A Rebel Seeks The Truth

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The scholar stared at the lines, again and again. It did not make sense to him- at least , not in the context of the presentation.

Here was Sage Markendeya, laughing and speaking, “Nese Balasyethy Chareda Dharmam,” to a set of bewildered Pandavas, languishing in the forests of self created oblivion.

The typical Sanskrit reading was, “Balasya Ise Ithy Adharmam na Charel,” which said, ” Even when you have strength in your side, do not do Adharma”.

But the examples Markendeya quoted, of an elephant listening to his mahout forgetting his own prowess, of the great Ram banished to the forests, of the seven Rishis shining as stars in the sky,of Bhagiratha who fought fates to bring Ganga to the earth…did not resonate with the conventional putting together of words. Besides, the Sage was laughing when he said it. Anything which is accompanied by laughter has to have a deeper secret within.

The night lamp burnt as Kutti Krishna Marar stared at the words again.

Can it not be interpreted as, “Accepting one’s fate like a weakling is against the Dharma. The fighting of fate with all of one’s strength is Dharma?’ Yudhistir had lost the kingdom to  his human weakness of gambling.

Could it not be read as, “Whatever is your justification,you have no sense of your own power and worth, and hence whatever you have done is not Dharma.”

There was Sage Markendeya himself, who rebelled against his destined death at the age of sixteen and won back life! Would he laugh and advise, a submissive living?

Did not Bhishma advise Yudhistir, “Adharmo hi mridu raja kshmavaniva kunjarah?”

(A soft king is as useless as a patient elephant?)

Have not people, across countries and ages, quoted something equivalent to “Nese balasyety chareda dharmam”, (” Oh I am so weak and helpless to fight the fates” )and moved back from doing their real work in the world, hesitated in taking the reins of their own destiny in their hands and justified it to a hundred stupid reasons?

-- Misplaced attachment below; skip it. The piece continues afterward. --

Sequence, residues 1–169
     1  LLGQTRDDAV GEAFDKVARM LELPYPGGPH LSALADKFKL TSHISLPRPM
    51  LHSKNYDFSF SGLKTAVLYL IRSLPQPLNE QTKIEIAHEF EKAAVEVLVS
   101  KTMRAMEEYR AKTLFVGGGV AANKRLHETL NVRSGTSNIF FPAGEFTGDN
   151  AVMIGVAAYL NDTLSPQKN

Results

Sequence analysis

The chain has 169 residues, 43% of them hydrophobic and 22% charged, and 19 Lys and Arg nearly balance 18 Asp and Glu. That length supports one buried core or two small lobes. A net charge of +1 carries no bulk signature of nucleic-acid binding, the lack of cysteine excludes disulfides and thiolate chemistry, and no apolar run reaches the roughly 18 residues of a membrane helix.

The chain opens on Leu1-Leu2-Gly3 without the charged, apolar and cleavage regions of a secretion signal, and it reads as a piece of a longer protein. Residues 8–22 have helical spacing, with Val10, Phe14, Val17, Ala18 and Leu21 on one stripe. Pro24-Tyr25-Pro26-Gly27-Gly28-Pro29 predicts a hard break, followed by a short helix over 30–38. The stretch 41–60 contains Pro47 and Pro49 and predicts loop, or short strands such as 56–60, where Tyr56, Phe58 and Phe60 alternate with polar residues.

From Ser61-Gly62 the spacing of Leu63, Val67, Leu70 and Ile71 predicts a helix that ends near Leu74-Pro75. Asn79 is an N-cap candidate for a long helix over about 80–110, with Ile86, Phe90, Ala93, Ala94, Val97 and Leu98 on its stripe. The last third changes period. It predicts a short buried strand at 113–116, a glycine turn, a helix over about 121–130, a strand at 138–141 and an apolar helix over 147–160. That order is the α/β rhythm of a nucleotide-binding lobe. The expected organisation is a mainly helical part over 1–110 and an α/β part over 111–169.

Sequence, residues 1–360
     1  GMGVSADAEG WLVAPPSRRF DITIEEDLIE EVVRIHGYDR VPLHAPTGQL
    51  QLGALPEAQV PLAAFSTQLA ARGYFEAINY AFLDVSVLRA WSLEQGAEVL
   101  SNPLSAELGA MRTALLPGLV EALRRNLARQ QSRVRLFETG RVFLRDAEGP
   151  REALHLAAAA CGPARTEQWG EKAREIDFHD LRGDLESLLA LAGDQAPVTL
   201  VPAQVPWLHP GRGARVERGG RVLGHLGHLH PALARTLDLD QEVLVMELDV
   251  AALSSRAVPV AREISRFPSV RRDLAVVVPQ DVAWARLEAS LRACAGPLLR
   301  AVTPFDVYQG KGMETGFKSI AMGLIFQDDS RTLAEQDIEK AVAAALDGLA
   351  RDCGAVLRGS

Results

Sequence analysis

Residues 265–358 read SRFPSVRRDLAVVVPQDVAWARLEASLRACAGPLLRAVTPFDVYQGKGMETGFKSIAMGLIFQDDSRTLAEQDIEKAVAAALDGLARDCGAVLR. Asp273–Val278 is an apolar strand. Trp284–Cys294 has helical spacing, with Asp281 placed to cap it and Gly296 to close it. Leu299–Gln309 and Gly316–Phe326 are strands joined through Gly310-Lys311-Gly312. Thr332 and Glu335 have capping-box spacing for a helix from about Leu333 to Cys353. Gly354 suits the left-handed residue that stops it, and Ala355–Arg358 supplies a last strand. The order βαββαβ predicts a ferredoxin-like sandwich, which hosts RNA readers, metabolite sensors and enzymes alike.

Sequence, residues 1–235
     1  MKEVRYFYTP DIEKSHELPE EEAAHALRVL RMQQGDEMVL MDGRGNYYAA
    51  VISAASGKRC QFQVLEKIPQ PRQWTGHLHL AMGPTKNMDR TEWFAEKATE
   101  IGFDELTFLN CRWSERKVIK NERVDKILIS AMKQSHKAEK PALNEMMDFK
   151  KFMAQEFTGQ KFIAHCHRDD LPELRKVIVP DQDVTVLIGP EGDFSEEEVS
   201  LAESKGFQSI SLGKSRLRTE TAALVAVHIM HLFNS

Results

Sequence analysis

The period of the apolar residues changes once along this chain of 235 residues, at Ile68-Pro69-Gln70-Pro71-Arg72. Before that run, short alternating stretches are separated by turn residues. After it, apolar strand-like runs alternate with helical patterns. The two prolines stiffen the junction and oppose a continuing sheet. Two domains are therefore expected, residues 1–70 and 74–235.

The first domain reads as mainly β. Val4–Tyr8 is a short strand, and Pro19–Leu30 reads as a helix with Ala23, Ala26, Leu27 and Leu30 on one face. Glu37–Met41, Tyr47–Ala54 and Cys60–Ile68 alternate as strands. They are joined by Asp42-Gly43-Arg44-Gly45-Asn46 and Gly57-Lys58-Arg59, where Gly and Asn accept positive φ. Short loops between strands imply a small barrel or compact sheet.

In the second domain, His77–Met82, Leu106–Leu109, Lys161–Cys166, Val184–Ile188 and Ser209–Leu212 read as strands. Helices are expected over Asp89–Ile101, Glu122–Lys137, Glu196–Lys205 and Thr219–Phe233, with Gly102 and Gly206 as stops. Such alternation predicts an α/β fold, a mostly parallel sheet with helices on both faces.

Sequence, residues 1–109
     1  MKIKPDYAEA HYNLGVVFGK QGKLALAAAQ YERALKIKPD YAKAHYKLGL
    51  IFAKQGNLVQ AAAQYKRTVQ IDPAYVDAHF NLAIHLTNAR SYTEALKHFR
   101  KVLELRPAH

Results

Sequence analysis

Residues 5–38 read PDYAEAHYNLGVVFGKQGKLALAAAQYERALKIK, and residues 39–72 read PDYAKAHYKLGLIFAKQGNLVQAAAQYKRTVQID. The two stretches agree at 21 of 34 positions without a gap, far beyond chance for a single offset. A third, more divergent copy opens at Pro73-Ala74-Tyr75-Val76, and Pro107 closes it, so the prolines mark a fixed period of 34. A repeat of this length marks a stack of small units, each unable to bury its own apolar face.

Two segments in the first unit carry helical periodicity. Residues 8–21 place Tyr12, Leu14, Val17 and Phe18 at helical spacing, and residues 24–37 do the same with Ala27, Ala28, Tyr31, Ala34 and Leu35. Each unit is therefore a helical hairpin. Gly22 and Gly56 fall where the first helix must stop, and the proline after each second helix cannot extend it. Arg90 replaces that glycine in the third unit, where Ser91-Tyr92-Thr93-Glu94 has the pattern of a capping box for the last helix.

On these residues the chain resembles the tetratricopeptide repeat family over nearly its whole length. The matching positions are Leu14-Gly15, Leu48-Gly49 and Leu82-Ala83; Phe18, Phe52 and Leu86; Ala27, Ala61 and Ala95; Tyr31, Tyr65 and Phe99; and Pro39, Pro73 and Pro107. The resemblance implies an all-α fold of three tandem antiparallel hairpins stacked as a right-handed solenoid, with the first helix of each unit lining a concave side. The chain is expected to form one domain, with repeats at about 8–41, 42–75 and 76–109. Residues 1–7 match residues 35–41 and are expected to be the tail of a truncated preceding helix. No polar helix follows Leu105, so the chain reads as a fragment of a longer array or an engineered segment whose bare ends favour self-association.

Sage Markendeya’s laughter spreads over all such self imposed frailties, weaknesses, self proclaimed helplessness that does not recognise self worth and the power of one’s own effort!

Has not Vivekananda written about Yudhistir as someone who justified in the name of dharma and goodness, a lot of evil deeds triggered by a helpless approach to life? Someone who chose not to act, in the name of Dharma, at the time when action was most necessary?

The scholar went to his friend who was ecstatic at the interpretation..”Yes, whatever you do with a sense of helplessness, saying to yourself that you are powerless, is Adharma.”

“This is a call for action, for taking control of one’s own destiny, not a justification to bow down before the fates.”

The scholar started writing…a new chapter called, ‘Nese Balsyety Chareda Dharmam,’ in his book, ‘Bharata Paryadana,’ . A Sojourn through Mahabharata- a compilation of incisively brilliant essays.

The interpretation created waves of protest, with special meetings to debate on the play of words and context, but his head remained high. He elaborated the chapter more with the next edition of his classic.

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The poem “Invictus” of Henley, epitomises the shloka in Mahabharatha. Every human endeavour, to excel, to create, to design one’s own destiny is an act of Dharma. When we bow down, meek and helpless, and then justify our defeated lives with quotes and interpretations, Sage Markendeya laughs from somewhere…Nese Balsyety….